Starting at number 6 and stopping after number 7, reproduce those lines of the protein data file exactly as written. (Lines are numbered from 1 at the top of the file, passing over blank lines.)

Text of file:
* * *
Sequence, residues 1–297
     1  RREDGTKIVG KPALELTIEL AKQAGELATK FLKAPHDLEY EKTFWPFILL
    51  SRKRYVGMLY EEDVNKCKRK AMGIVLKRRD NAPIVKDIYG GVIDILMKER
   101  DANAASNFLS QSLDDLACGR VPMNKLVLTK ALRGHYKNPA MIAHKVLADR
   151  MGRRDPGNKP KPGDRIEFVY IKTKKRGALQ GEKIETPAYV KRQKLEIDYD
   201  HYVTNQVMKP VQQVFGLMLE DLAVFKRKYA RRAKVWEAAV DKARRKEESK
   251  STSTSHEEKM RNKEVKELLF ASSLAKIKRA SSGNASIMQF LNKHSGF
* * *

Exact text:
   201  HYVTNQVMKP VQQVFGLMLE DLAVFKRKYA RRAKVWEAAV DKARRKEESK
   251  STSTSHEEKM RNKEVKELLF ASSLAKIKRA SSGNASIMQF LNKHSGF